In terms of long-term pipe applications, brass fittings can be durable and reliable if they are properly designed, installed, and maintained. The brass alloy, however, can be susceptible to corrosion and dezincification, which results in a porous and weak material, which can eventually fail and leak.
Reason 5: Dezincification
Dezincification is a form of corrosion that often occurs for brass fittings. This is because brass has zinc as an alloy material. So, this leads to corrosion and thus leaks and rust. That’s why to prevent dezincification, selecting high-quality brass fittings with a low zinc content is recommended.
Reason 6: Complex Installation
Installing brass fittings requires special equipment and also it takes a complicated procedure. So, unless you have the right tools or expertise, it is advised to contact professionals. Hence, before making a decision, you might as well discuss it with your local heating contracts.
Now, you might think of what are the materials that come with the best compatibility with brass fittings. I would have asked that too, so let’s find out.
So, Now you know when not to use brass fittings on the iron pipe and all the considerations. Let’s see things to consider for brass fittings on iron pipes.
Things to Consider when Using Brass Fittings on Iron Pipes
First things first. The short answer to the problem is yes, you can use brass fittings on iron pipes. But there are some considerations that you need to make before putting this to work.
Brass is more corrosion-resistant than iron and lasts much fewer years (up to 45 years) than iron (up to 100 years). So, compatibility is a major issue. You also need to match the size, type, diameter, temperature and pressure applications of brass fittings and iron pipes.
Now, after matching compatibility and other measurements, brass fittings still might lead to corrosion or rust on your iron pipe. So, the question is how can you use brass fittings on iron pipes safely? Well, here’s how.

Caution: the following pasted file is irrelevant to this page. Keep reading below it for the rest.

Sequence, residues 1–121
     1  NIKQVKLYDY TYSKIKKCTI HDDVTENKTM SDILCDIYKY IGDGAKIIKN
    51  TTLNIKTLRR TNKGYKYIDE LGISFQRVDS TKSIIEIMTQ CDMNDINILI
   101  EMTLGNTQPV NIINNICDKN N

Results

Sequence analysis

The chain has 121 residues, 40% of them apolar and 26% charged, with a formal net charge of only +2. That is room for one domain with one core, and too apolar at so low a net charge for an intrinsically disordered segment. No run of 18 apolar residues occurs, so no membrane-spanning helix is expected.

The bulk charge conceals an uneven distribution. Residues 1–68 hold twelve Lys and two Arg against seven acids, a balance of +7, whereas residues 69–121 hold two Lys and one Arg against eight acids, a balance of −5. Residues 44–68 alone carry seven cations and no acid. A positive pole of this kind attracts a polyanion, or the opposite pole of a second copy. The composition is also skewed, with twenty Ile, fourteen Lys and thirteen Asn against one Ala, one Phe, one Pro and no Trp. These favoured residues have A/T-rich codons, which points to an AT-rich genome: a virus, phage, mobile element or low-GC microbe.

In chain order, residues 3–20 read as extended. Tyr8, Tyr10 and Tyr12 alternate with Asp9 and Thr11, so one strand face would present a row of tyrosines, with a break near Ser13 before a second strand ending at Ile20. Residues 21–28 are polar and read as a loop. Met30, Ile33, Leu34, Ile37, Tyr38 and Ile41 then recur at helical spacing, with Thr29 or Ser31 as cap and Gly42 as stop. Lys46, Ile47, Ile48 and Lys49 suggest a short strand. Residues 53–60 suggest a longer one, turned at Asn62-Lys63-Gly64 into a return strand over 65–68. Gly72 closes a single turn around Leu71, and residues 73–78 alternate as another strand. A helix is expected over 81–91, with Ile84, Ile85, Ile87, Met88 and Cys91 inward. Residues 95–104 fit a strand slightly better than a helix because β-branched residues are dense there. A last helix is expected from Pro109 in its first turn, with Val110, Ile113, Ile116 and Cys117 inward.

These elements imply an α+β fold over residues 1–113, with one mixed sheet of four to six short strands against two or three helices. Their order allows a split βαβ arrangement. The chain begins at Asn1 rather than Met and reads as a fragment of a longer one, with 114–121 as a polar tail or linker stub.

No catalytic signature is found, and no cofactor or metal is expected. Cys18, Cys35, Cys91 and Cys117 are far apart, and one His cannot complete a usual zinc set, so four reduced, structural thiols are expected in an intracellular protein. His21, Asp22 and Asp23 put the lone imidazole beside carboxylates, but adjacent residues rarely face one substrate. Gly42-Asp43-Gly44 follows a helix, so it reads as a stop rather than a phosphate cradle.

First of all, mixing dissimilar metals in your heater’s piping system can lead to galvanic corrosion and rust. Well, there’s an easy remedy for that which is called “Dielectric Union.”
It prevents corrosion and rust by separating the two metals with materials that are non-conductive (rubber, plastic etc). Here’s how to do dielectric union.
- Dielectric union (Rubber/Plastic)
- Hacksaw or pipe cutter
- Teflon tape
- Pipe wrench
Step-1: First, you need to turn off the supply pipe you’re working on. The main water shut-off valve is typically located near the water meter, which is usually in the basement, crawlspace, or outside the house.
Turn the valve clockwise until it is fully closed. This will stop the flow of water to your home and allow you to work on the pipes without water coming out.
Now, you should open the faucets and let the water drain from the pipes. This will release any remaining water pressure.
Step-2: Using a hacksaw or pipe cutter, cut the iron pipe according to the required length. Be aware of removing any sharp edges or burrs from the pipe’s cut end.
Step-3: Using a pipe wrench, tighten the brass fittings onto the iron pipe’s end. Tighten it securely but refrain from over-tightening it.
Step-4: Now wrap around the brass fittings with Teflon tape for a tight seal.
Step-5: Screw the dielectric union that works for you (rubber/plastic) onto the brass fittings. Then, using a pipe wrench tighten the connection a quarter turn after it’s hand-tight.
Step-6: Now, connect the second half of the dielectric union by following the same steps.
Step-7: Finally, turn on the supply line. If there are no water drops, dampness or discoloration around the union, then there are no leaks. Also, check the water pressure. Low water pressure than the appropriate level means there is a leak.
Also, you can use leak detection tools such as a moisture meter or water leak detector to find out any leaks.
Precautions: Always start this process by turning the supply line off. This will prevent any injuries. Also, use the manufacturer’s instructions properly to securely complete the procedure. Wear protective gloves and eye protection while working on pipes.
This process helps to prevent galvanic corrosion from happening and thus increases the pipe’s lifespan. Dielectric union is commonly used in heating systems and can be found in most heater supply stores. You can do it yourself at home.